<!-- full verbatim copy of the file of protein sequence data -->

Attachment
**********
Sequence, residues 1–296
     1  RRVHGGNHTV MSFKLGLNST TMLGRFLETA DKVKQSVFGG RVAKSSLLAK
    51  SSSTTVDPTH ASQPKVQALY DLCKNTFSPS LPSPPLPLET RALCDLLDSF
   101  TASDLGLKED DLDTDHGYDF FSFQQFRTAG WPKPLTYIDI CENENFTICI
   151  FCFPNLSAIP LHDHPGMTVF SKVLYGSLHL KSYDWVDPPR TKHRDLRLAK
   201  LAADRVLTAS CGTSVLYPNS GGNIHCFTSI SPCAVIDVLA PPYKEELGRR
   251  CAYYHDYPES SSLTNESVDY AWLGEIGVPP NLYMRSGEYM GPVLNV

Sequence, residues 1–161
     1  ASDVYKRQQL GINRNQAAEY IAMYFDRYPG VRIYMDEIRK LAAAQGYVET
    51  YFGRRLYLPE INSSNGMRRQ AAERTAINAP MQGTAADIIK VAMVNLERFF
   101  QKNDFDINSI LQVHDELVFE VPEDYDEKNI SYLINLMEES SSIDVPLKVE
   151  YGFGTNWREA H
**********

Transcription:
Sequence, residues 1–296
     1  RRVHGGNHTV MSFKLGLNST TMLGRFLETA DKVKQSVFGG RVAKSSLLAK
    51  SSSTTVDPTH ASQPKVQALY DLCKNTFSPS LPSPPLPLET RALCDLLDSF
   101  TASDLGLKED DLDTDHGYDF FSFQQFRTAG WPKPLTYIDI CENENFTICI
   151  FCFPNLSAIP LHDHPGMTVF SKVLYGSLHL KSYDWVDPPR TKHRDLRLAK
   201  LAADRVLTAS CGTSVLYPNS GGNIHCFTSI SPCAVIDVLA PPYKEELGRR
   251  CAYYHDYPES SSLTNESVDY AWLGEIGVPP NLYMRSGEYM GPVLNV

Sequence, residues 1–161
     1  ASDVYKRQQL GINRNQAAEY IAMYFDRYPG VRIYMDEIRK LAAAQGYVET
    51  YFGRRLYLPE INSSNGMRRQ AAERTAINAP MQGTAADIIK VAMVNLERFF
   101  QKNDFDINSI LQVHDELVFE VPEDYDEKNI SYLINLMEES SSIDVPLKVE
   151  YGFGTNWREA H